Tag Archives: marketing niche

How to Increase Sales By Creating a Niche in Your Business

Why it Makes Marketing Sense to Create a Niche for Your Business

by Robert Piller

If you look up promotionalwhat is your marketing niche? products distributors, you will probably find over 30,000 listings. If you narrow it down to your specific city, you’ll probably find at least 50– of all sizes and reputations.

So, how do we compete and stay competitive?

How does Geek Tech Branding continue to grow market share significantly year after year?

We focus on one specific niche–promotional tech products.

It is that simple–we focus on one niche–and we crush it!

We know imprinted tech products better than anyone –so when clients and prospects have questions on promotional power chargers for their brand marketing — or about imprinted Bluetooth speakers or headphones for a conference of for client gifts –we can give them the best advice.

Our team goes to the Consumer Electronics Show in Vegas as well as other industry-specific conferences and events.

We read industry publications, blogs, review sites, websites, forums and we take factory tours.

We sample and test products, talk to factory reps, get involved in beta tests and product development meetings and go overseas to see how and where these electronic products are made.

We take advanced classes on product safety and CPSIA – to ensure that our clients are protected when they choose their promotional tech gifts.

We go the extra mile in continuing education on tech products — because it is our only focus.

Bottom line, we know imprinted tech products better than anyone else and that has immense value to our clients.

After all, how can you be an expert in tech products if you spend most of your time selling cheap ballpoint pens, imprinted 99 cent tote bags, fridge magnets and 39 cent key tags?  You can’t be.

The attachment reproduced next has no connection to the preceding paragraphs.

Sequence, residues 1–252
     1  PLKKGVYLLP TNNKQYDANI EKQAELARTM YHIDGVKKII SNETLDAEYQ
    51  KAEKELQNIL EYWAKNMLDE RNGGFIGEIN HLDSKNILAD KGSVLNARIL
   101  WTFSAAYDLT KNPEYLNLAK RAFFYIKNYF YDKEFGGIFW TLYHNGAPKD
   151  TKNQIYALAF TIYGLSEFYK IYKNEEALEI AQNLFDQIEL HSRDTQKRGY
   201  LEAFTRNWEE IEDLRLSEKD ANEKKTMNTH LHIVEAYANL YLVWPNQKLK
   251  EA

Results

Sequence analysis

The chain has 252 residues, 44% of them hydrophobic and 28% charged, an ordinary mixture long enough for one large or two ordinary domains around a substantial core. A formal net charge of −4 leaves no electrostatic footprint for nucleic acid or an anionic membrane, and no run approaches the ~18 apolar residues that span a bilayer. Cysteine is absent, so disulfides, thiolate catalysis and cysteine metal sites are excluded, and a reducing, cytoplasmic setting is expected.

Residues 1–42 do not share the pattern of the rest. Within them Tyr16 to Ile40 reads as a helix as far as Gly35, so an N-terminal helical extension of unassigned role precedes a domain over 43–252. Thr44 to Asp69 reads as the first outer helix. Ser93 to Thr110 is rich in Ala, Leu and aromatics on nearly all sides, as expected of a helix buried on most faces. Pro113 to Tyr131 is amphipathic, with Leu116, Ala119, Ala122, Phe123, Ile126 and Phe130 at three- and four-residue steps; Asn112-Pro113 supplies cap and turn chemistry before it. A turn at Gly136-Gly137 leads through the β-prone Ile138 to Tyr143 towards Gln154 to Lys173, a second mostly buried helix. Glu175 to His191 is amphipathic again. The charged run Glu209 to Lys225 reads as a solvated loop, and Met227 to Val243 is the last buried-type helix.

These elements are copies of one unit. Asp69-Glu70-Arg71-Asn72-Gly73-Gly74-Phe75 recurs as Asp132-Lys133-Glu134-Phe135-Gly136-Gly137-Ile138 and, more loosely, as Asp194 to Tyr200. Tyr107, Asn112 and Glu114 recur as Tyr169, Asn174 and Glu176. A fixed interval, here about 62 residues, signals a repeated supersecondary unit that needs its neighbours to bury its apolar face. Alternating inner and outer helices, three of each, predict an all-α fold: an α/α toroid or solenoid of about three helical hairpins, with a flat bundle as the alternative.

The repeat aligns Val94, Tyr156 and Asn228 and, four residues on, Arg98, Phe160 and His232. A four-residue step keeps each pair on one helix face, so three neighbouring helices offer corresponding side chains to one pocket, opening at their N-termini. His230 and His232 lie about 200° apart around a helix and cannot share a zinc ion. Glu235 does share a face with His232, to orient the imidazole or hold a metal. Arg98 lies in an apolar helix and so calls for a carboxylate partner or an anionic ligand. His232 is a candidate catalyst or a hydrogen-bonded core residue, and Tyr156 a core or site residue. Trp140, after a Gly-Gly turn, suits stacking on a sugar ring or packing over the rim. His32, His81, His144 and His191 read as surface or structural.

Bottom line- become an expert in one niche and satisfy those clients looking for advice and guidance in that area.

Being a jack-of-all-trades or a generalist just does not cut it these days.

Bottom line, people want expertise and if you cannot provide it, you will lose sales and opportunities to those that can offer guidance and sound advice.

Customers are demanding and expecting value for their purchases — so you need to help them make the best decisions for their dollars.

What niche are you serving?

If you don’t have one if you want to survive– and to thrive yet, it is time to go back to the drawing board and create your own niche and point of differentiation.

Happy Marketing!


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Robert Piller is President of GeekTechBranding.com, the leader in high tech promotional products for all occasions and events.–including custom packaging and custom promotional products.

Geek Tech Branding is a third-generation company that began in 1956 selling imprinted calendars and writing instruments and has grown to become one of the largest suppliers of imprinted technology and promotional electronic gifts in the country.

Robert Piller has been working with companies of all sizes, including Fortune 500 companies, law firms, non-profit organizations, financial institutions, startups and other organizations to market and promote their businesses  and improve their branding.

He is a frequent writer and speaker on marketing and technology topics and loves to share and exchange ideas. Feel free to reach him through Facebook, LinkedIn, Twitter, by email (robert [at] geektechbranding.com) or through this blog

GeekTechBranding.com offers the latest high-tech promotional products –including imprinted power chargers and power sticks, imprinted Bluetooth speakers and promotional ear buds, custom printed tablet sleeves,  branded iPhone cases, imprinted USB car chargerspromotional stylus pens, promotional USB drives and hubs and more — all imprinted with your company’s name and logo.